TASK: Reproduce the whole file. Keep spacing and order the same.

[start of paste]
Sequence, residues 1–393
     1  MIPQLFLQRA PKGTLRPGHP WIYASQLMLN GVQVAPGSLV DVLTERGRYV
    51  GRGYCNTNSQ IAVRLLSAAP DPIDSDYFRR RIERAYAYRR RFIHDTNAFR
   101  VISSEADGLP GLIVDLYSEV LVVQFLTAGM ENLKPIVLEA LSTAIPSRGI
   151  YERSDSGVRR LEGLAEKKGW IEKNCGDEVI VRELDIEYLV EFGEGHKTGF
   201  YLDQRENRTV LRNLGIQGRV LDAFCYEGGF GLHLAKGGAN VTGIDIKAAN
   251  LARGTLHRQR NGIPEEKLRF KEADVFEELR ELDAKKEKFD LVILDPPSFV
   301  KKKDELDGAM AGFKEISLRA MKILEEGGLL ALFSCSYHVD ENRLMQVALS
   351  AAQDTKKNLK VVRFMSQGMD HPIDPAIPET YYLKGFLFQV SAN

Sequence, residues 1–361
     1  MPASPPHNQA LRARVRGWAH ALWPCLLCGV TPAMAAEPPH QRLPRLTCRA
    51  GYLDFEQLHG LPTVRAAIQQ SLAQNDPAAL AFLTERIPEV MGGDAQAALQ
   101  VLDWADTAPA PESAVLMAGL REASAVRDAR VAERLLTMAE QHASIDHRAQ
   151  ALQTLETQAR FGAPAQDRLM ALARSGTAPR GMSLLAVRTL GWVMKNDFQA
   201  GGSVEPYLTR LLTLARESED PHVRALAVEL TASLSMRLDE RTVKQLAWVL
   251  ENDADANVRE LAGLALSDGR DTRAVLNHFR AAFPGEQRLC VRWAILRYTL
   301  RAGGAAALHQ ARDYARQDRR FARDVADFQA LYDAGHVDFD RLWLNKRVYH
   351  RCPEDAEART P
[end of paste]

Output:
Sequence, residues 1–393
     1  MIPQLFLQRA PKGTLRPGHP WIYASQLMLN GVQVAPGSLV DVLTERGRYV
    51  GRGYCNTNSQ IAVRLLSAAP DPIDSDYFRR RIERAYAYRR RFIHDTNAFR
   101  VISSEADGLP GLIVDLYSEV LVVQFLTAGM ENLKPIVLEA LSTAIPSRGI
   151  YERSDSGVRR LEGLAEKKGW IEKNCGDEVI VRELDIEYLV EFGEGHKTGF
   201  YLDQRENRTV LRNLGIQGRV LDAFCYEGGF GLHLAKGGAN VTGIDIKAAN
   251  LARGTLHRQR NGIPEEKLRF KEADVFEELR ELDAKKEKFD LVILDPPSFV
   301  KKKDELDGAM AGFKEISLRA MKILEEGGLL ALFSCSYHVD ENRLMQVALS
   351  AAQDTKKNLK VVRFMSQGMD HPIDPAIPET YYLKGFLFQV SAN

Sequence, residues 1–361
     1  MPASPPHNQA LRARVRGWAH ALWPCLLCGV TPAMAAEPPH QRLPRLTCRA
    51  GYLDFEQLHG LPTVRAAIQQ SLAQNDPAAL AFLTERIPEV MGGDAQAALQ
   101  VLDWADTAPA PESAVLMAGL REASAVRDAR VAERLLTMAE QHASIDHRAQ
   151  ALQTLETQAR FGAPAQDRLM ALARSGTAPR GMSLLAVRTL GWVMKNDFQA
   201  GGSVEPYLTR LLTLARESED PHVRALAVEL TASLSMRLDE RTVKQLAWVL
   251  ENDADANVRE LAGLALSDGR DTRAVLNHFR AAFPGEQRLC VRWAILRYTL
   301  RAGGAAALHQ ARDYARQDRR FARDVADFQA LYDAGHVDFD RLWLNKRVYH
   351  RCPEDAEART P